As a part of the vSAN vExpert program, selected members typically are entitled to a number of benefits such as NFR license keys for full vSAN suite for lab and demo purposes, access to vSAN product management team at VMware, exclusive webinars & NDA meetings, access to preview builds of the new software and also get a chance to provide feedback to the product management team on behalf of our clients which is great for me as technologist working in the channel.

I have been a big advocate of Software Defined everything for about 15 years now as, they way I saw it, the power in most technologies are often derived from software. Public cloud is the biggest testament for this we can see today. So when HCI became a “thing”, I was naturally a big promoter of the concept and realistically, the Software Defined Storage (SDS) which made HCI what it is, was something I’ve always seen the value in. While there are many other SDS tech have started to appear since then, vSAN was always something unique in that it’s more tightly coupled to the underlying hypervisor like no other HCI / SDS solution and this architectural difference was the main reason why I’ve always liked and therefore promoted the vSAN technology from beta days. Well, vSAN revenue numbers have grown massively for VMware since its first launch with vSAN 5.5 and now, the vSAN business unit within VMware is a self sufficient business in its own right. Since I am fortunate to be working for a VMware solutions provider partner here in the UK, I have seen first hand the number of vSAN solutions we’ve sold to our own customers have grown over 900% year on year between 2016 and 2017 which fully aligns with wider industry adoption of vSAN as a preferred storage option for most vSphere solutions.

This will only likely going to increase and some of the hardware innovation coming down the line such as Storage Class Memory integration and NVMe over Fabric technologies will further enhance the performance and reliability of genuinely distributed software defined storage technologies such as vSAN. So being recognised as a thought leader and a community evangelist for vSAN by VMware is a great honour as I can continue to share my thoughts, updates on the product development with the wider community for other people to benefit from.

So thank you VMware for the honour again this year, and congratulations for all the others who have also been selected to be vSAN vExperts 2018. Keep sharing your knowledge and thought leadership content…!

Chan

VMware vExpert 2018

The latest batch of VMware vExperts in 2018 has just been announced and I’m glad to say I’ve made the cut for the 4th year which was fantastic news personally. The vExpert programme is VMware’s global evangelism and advocacy programme and is held in high regards within the community due to the expertise of the selected vExperts and their contribution towards enabling and empowering customers around the world with their virtualisation and software defined datacentre projects through knowledge sharing. The candidates are judged on their contribution to the community through activities such as community blogs, personal blogs, participation of events, producing tools…etc.. and in general, maintaining their expertise in related subject matters. vExperts typically get access to private betas, free licenses, early access product briefings, exclusive events, free access to VMworld conference materials, and other opportunities to directly interact with VMware product teams which is totally awesome and in return, help us to feed the information back to our customers…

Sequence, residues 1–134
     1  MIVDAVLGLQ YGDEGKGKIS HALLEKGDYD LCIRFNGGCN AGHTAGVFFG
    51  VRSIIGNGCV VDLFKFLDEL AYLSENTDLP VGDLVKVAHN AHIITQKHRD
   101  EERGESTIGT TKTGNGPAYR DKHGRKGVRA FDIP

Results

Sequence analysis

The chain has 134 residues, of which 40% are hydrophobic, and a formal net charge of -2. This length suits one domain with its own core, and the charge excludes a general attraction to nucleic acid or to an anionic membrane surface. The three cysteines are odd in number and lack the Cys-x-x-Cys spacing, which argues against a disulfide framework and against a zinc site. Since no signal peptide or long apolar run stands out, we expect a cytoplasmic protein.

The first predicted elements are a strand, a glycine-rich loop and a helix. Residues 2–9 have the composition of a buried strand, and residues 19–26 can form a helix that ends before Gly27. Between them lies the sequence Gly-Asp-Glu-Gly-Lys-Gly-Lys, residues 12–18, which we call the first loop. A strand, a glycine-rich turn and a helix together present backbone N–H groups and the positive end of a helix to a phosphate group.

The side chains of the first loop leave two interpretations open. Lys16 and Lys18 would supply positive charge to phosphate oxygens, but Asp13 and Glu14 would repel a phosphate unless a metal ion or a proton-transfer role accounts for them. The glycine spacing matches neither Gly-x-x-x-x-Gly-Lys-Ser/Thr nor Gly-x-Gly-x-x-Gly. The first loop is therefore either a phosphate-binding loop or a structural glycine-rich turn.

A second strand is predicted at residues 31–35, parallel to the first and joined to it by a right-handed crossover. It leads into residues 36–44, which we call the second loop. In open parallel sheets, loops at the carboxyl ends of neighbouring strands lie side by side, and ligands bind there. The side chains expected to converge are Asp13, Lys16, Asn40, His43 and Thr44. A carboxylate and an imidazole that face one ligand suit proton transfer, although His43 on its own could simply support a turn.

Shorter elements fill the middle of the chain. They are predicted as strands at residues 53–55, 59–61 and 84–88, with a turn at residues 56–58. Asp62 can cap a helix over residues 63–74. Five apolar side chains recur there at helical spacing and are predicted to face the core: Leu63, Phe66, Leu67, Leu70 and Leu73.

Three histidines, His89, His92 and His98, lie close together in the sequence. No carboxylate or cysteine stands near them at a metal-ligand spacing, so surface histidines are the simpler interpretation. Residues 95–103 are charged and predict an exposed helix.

It’s been a great honour to have been recognised by VMware again for this prestigious title and I’d like to thank VMware as well as congratulate the other fellow vExperts who have also made it this year. Let’s keep up the good work…!!

The full list of VMware vExperts 2018 can be found below

My vExpert profile link is below

Cheers

Chan

VMworld 2017 US – VMware Strategy & My Thoughts

This is a quick post to summerise all the key announcements from VMworld 2017 US event and share my thoughts and insights of the strategy and the direction of VMware, the way I see it.

Key Announcements

A number of announcements were made during the week on products and solutions and below is a high level list of those to recap.

  • Announced the launch of the VMware Cloud Services which consists of 2 main components
    • VMware Cloud on AWS (VMC)
      • Consist of VMware vSphere + vSAN + NSX
      • Running on AWS data centers (bare metal)
      • A complete Public Cloud platform consisting of VMware Software Defined Data Center components
      • Available as a
    • A complete Hybrid-Cloud infrastructure security, management & monitoring & Automation solution made available through a Software as a Service (SaaS) platform
      • Work natively with VMware Cloud on AWS
      • Also work with legacy, on-premises VMware data center
      • Also work with native AWS, Azure and Google public cloud platforms
  • Next generation of network virtualisation solution based NSX-T (aka NSX Multi hypervisor)
    • Version 2.0 announced
    • Supports vSphere & KVM
    • Likely going to be strategically more important to VMware than the NSX-v (vSphere specific NSX that is commongly used today by vSphere customers). Think What ESXi was for VMware when ESX was still around, during early days!